Global smartphone shipments are expected to reach 958.8 million units this year, up 32.7 percent over last year’s 722.5 million units.
According to the latest IDC report, smartphones will outsell feature phones for the first time this year, marking a watershed moment for the industry. The positive trend will continue for years to come and the focus is now shifting to emerging markets. In fact, emerging markets will account for 64.8 percent of all smartphone shipments this year, up from 43.1 percent in 2010.
IDC says demand has spread from developed markets to emerging markets. Because of this, average selling prices (ASPs) for smartphones declined to $372 for 2013, down from $407 in 2012 and $443 in 2011. ASPs could drop as low as $309 by 2017, IDC believes, with emerging market demand the main catalyst in this change. "Computing at such low end-user cost has posed many challenges to handset OEMs and component suppliers,” IDC said.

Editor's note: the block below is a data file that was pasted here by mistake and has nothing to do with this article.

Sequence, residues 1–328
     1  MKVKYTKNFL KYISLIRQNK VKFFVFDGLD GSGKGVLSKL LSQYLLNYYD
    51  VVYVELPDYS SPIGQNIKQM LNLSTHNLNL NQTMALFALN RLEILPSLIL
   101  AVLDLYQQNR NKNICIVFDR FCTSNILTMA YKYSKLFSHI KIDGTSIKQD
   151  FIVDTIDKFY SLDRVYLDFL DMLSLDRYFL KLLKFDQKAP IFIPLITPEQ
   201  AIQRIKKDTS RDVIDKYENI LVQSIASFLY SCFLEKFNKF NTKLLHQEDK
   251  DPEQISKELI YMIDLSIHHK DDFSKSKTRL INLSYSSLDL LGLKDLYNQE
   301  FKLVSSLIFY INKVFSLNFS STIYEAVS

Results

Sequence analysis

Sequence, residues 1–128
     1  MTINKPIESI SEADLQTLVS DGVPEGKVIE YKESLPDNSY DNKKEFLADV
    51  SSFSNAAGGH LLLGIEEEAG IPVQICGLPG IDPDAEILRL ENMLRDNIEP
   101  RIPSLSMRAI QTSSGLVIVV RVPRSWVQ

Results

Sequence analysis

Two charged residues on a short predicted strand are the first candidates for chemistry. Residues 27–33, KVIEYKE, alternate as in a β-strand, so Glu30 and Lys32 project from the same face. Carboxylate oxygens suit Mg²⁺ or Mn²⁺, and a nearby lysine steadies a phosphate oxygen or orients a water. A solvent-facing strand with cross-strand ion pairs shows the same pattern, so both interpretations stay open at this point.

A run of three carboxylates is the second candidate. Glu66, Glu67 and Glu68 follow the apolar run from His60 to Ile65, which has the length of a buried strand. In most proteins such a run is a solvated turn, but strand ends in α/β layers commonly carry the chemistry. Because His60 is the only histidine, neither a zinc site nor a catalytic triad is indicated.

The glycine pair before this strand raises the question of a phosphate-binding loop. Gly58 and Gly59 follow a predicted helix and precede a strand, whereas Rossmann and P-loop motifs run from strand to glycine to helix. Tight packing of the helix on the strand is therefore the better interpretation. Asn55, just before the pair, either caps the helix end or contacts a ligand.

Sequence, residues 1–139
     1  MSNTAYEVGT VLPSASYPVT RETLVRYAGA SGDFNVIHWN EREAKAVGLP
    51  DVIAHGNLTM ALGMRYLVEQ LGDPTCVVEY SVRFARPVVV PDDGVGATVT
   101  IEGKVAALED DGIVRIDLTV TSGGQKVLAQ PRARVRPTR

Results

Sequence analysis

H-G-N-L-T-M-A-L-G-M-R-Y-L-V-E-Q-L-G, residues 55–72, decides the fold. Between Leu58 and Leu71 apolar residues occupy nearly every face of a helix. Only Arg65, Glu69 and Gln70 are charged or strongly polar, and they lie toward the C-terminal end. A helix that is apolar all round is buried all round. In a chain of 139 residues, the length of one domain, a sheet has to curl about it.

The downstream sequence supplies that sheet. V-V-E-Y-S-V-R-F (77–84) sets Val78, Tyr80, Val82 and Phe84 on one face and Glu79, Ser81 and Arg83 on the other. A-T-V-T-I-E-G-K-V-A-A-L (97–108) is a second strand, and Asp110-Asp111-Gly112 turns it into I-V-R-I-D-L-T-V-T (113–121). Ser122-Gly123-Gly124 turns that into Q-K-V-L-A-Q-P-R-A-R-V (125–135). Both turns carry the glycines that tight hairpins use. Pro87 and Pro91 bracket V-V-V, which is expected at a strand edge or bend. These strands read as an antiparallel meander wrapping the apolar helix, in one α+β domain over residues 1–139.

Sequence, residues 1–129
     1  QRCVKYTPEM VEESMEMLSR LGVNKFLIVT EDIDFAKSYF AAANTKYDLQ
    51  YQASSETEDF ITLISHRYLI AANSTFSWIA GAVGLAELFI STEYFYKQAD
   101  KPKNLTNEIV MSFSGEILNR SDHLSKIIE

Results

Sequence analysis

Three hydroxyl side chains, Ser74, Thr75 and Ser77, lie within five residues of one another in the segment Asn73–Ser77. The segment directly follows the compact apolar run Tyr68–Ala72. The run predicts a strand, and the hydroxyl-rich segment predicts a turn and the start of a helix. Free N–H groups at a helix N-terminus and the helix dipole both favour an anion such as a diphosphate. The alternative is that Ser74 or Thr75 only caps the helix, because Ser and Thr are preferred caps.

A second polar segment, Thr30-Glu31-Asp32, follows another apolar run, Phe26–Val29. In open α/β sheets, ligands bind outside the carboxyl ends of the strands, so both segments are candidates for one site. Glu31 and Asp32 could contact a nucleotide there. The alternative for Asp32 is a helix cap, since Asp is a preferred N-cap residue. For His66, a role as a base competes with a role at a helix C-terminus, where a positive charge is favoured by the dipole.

In other words, the smartphone market is growing at 33 percent year-over-year, while average prices are dropping eight to nine percent a year.
However, the cost cutting underlines another trend – the shift toward “good enough” computing. As smartphones mature, fewer consumers will be willing to go for ultra high-end phones. This is especially true for cash strapped emerging markets and European markets that are suffering financially.
The upside? As ASPs plummet, people who actually assemble smartphones will finally be closer to affording them.